Video

Video Face of American Farmer is Changing

The average American farmer is now 58 years old, and farmers 65 and older are the fastest growing segment of the population. It’s a troubling trend signaling big changes ahead for American agriculture as aging farmers retire. Reporter Mike Osborne says a new report from the U.S. Census Bureau is suggesting what some of those changes might look like... and why they might not be so troubling.
Video

Video Donetsk Governor: Ukraine Military Assault 'Delicate But Necessary'

Around a dozen state buildings in eastern Ukraine remain in the hands of pro-Russian protesters who are demanding a referendum on self-rule. The governor of the whole Donetsk region is among those forced out by the protesters. He spoke to VOA's Henry Ridgwell from his temporary new office in Donetsk city.
Video

Video Drones May Soon Send Data From High Seas

Drones are usually associated with unmanned flying vehicles, but autonomous watercraft are also becoming useful tools for jobs ranging from scientific exploration to law enforcement to searching for a missing airliner in the Indian Ocean. VOA’s George Putic reports on sea-faring drones.
Video

Video New Earth-Size Planet Found

Not too big, not too small. Not too hot, not too cold. A newly discovered planet looks just right for life as we know it, according to an international group of astronomers. VOA’s Steve Baragona has more.
Video

Video Copts in Diaspora Worry About Future in Egypt

Around 10 percent of Egypt’s population belong to the Coptic faith, making them the largest Christian minority in the Middle East. But they have become targets of violence since the revolution three years ago. With elections scheduled for May and the struggle between the Egyptian military and Islamists continuing, many Copts abroad are deeply worried about the future of their ancient church. VOA religion correspondent Jerome Socolovsky visited a Coptic church outside Washington DC.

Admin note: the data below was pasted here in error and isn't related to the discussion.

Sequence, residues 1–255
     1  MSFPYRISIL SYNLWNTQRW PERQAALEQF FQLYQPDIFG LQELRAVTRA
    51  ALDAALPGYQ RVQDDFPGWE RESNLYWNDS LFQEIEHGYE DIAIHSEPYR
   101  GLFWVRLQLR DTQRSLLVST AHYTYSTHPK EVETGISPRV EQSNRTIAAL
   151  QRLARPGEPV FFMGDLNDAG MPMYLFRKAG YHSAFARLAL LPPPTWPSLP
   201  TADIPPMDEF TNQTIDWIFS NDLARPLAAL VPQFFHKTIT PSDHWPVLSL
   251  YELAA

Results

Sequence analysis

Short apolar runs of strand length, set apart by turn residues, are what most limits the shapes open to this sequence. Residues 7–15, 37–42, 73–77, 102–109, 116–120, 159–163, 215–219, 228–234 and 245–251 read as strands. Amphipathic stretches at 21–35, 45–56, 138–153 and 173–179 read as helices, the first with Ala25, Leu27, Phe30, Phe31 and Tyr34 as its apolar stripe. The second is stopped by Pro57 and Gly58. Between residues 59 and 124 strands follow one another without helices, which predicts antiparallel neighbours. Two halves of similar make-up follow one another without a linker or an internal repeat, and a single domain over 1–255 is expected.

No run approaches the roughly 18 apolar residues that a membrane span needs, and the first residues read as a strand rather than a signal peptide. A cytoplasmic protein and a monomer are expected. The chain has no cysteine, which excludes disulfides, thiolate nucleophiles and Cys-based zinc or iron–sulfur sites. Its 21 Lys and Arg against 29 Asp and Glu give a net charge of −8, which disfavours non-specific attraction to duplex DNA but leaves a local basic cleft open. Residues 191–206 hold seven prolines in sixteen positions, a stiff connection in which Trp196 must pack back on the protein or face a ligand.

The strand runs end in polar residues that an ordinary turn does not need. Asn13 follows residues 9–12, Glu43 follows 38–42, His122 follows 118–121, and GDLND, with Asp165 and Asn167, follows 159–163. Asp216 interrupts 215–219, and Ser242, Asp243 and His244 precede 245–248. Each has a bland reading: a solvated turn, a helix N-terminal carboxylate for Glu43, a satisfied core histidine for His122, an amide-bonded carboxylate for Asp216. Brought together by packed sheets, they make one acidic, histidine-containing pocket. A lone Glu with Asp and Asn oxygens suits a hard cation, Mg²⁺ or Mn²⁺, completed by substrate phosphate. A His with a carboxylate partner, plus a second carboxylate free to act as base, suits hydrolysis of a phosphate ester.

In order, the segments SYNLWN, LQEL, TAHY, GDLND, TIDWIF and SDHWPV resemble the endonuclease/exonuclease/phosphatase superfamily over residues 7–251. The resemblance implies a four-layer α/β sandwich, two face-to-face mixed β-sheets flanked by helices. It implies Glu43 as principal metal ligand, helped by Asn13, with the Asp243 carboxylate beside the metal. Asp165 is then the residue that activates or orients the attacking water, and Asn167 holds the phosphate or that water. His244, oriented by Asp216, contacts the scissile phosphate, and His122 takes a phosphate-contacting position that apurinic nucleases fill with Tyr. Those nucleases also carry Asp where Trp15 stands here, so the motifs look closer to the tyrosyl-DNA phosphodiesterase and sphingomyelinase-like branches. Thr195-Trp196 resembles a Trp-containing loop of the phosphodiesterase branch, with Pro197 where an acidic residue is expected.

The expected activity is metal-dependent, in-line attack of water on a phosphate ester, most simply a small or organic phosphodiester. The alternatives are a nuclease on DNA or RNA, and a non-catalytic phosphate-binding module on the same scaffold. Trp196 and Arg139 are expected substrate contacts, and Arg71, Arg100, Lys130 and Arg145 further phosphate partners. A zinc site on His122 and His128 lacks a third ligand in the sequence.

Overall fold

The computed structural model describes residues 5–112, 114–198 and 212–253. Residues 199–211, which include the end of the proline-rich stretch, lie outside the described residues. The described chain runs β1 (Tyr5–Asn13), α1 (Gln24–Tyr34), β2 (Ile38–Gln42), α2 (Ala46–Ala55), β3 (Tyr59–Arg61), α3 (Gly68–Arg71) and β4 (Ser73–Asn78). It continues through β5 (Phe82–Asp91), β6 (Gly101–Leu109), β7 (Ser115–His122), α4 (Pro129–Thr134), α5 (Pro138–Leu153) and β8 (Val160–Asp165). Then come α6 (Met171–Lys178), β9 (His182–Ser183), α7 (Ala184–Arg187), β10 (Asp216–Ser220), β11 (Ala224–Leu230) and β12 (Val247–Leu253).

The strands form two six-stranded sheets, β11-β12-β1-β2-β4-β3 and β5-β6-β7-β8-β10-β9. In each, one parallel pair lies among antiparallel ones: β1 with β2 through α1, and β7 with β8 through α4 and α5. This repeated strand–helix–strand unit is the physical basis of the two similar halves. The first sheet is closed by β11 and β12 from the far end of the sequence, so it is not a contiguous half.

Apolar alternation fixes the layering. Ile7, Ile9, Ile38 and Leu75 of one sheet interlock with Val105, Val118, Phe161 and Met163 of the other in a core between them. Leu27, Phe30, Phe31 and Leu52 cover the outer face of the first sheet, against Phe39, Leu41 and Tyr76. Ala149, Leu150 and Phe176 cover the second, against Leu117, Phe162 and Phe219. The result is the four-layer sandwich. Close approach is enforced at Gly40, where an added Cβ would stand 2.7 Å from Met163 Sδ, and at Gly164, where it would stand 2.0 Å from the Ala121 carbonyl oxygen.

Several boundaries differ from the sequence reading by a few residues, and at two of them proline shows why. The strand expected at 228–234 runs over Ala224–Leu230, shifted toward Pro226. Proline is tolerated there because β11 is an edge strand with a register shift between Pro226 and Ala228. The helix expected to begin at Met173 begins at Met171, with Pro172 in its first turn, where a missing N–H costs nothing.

Video

Video Critics Say Venezuelan Protests Test Limits of Military's Support

During the two months of deadly anti-government protests that have rocked the oil-rich nation of Venezuela, President Nicolas Maduro has accused the opposition of trying to initiate a coup. Though a small number of military officers have been arrested for allegedly plotting against the government, VOA’s Brian Padden reports the leadership of the armed forces continues to support the president, at least for now.
Video

Video More Millenials Unplug to Embrace Board Games

A big new trend in the U.S. toy industry has more consumers switching off their high-tech gadgets to play with classic toys, like board games. This is especially true among the so-called millenial generation - those born in the 1980's and 90's. Elizabeth Lee has more from an unusual café in Los Angeles, where the new trend is popular and business is booming.
Video

Video Google Buys Drone Company

In its latest purchase of high-tech companies, Google has acquired a manufacturer of solar-powered drones that can stay in the air almost indefinitely, relaying broadband Internet connection to remote areas. It is seen as yet another step in the U.S. based Web giant’s bid to bring Internet to the whole world. VOA’s George Putic reports.
AppleAndroid